Both my father and my mother worked with the human body as their central theme. In dance, the body is everything, and my father also dedicated himself to sculpting the human figure. Thanks to him, I learned about anatomy and drawing at a very young age, and from my mother, the importance of form and elegance in the movement of the body.
The aspect of distorting and elongating the body became a very important resource for me. In my opinion, it is a highly suitable way of dealing with space. Therefore, it is important to me to have learned the freedom of understanding how anatomy works and then being able to manipulate it as I please according to what I need to say.
You have said that what scares you the most is what hides behind the perfect smile. Okay, so as we think about your process, how do you start painting something that is about this sort of fear? I love that you reference this.
My process is closely related to the work of my subconscious. I want to let it work as freely as possible, like in a trance. I choose innocuous themes that are aesthetically appealing and start with simple images. I avoid highly elaborate compositions, most of the time opting to develop a figure, and then, through a mostly subconscious process, I transform the primary image into something that emerges entirely from some place within me.
Only then is it what I needed to say. I don't think it works for me to formulate a speech and then figure out how to translate it into images. That would be a decidedly illustrative process, but in my case, it hasn't been that way. It's a completely subconscious process that leads me to meaning. Although I am aware of the themes that affect me and the ideals I uphold, it seems to me that the space where I create should be a democratic place where what simmers inside me and has never been expressed has the opportunity to emerge without the guidance of the rational mind.
What of the 1950's advertisement, design, and film aesthetic do you like the most? It feels like you are working in a sort of brilliant pulp tradition but with a contemporary style.
What attracts me most to the aesthetics of the 1950s are the images of comfort, well-being, and simplicity. The vibrant colors, everyone smiling, and everything you need or desire seem to be available, highly accessible, and inviting. It's very suitable imagery as a starting point to develop any narrative, especially a dystopian one.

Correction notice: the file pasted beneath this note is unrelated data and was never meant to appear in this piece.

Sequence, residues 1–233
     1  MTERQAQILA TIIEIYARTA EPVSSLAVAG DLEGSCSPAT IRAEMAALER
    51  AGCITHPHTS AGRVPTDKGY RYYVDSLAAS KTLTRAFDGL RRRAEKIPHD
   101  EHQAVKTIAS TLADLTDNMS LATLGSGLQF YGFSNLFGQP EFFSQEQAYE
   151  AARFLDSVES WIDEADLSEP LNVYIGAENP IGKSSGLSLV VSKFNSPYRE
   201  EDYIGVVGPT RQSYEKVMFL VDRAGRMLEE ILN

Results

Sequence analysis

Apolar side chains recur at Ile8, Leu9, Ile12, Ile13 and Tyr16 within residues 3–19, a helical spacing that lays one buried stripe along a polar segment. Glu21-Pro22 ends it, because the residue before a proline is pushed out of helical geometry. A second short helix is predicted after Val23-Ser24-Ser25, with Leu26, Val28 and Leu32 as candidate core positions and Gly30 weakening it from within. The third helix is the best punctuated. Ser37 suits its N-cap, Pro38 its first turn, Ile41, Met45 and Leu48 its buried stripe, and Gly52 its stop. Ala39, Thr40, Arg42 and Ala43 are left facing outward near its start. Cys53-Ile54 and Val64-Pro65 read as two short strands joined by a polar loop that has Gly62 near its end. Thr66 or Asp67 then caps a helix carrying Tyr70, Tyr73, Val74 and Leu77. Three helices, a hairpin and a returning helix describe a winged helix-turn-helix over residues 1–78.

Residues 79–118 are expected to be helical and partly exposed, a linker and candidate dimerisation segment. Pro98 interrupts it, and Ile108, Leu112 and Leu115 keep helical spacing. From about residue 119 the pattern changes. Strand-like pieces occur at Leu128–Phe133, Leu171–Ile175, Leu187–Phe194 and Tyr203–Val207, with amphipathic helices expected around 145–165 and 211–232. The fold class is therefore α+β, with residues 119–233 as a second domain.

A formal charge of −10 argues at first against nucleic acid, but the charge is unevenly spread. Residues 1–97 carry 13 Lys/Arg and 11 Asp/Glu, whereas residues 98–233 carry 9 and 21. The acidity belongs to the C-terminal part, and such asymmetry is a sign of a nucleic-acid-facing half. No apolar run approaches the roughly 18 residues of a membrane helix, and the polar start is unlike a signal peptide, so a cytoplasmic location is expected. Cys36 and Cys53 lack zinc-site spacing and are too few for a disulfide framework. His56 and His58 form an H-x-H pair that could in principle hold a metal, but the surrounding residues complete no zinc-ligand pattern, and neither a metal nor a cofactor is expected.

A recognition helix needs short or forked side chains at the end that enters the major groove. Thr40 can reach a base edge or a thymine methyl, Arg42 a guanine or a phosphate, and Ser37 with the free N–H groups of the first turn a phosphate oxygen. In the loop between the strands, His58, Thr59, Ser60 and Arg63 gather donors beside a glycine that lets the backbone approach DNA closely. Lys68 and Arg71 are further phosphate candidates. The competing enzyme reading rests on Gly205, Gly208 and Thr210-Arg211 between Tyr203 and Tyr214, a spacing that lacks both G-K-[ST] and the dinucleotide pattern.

What's your favorite part of the process? I know this sounds simple, but I think when we talk about technique and influences and then the final product or painting, we don't often ask an artist what their favorite part is.
My favorite part is the minute or two when everything seems to make sense and I feel like I understand perfectly and master what I'm doing. These are short moments, but I appreciate them greatly.
The really beautiful show you did at Hudson House was all in colored pencil, and you obviously make these oil paintings. Maybe give us a little insight into what you like about materials and what they do for you and your work.
When I drew for that show at Hudson House, I was the artist in residence. I stayed there for a month, and it was one of the happiest and most peaceful periods of my life. And I believe that I conveyed that spirit through the brilliance of the color and the happy feeling of those drawings.
Drawing with colored pencils adds a quality of innocence and enjoyment to my work. It's another part of me that I never want to lose. It's related to the precious period of time when I could spend hours and hours reading without being interrupted as a child, absorbed in my own world.
Painting is something so visceral. It demands great self-control; I have to be very careful not to cover or erase the part that is the most important or to realize the precise moment when I should stop or continue. It is deceiving as well. It's like a science, like alchemy. It’s very mysterious and has this ritualistic quality.
What do you have prepared for the Trophy Room in LA this spring?
I'm creating a show that summarizes everything I have evolved in these two years. I'm juxtaposing my two latest solo shows, the one at Sean Horton Presents and the one at Stellar Highway, and I'm very excited about it.
Amalia Angulo’s solo show, Sweethearts, will be on view at The Trophy Room in Los Angeles from February 17— March 23, 2024. This inteview was originally published in our SPRING 2024 Quarterly.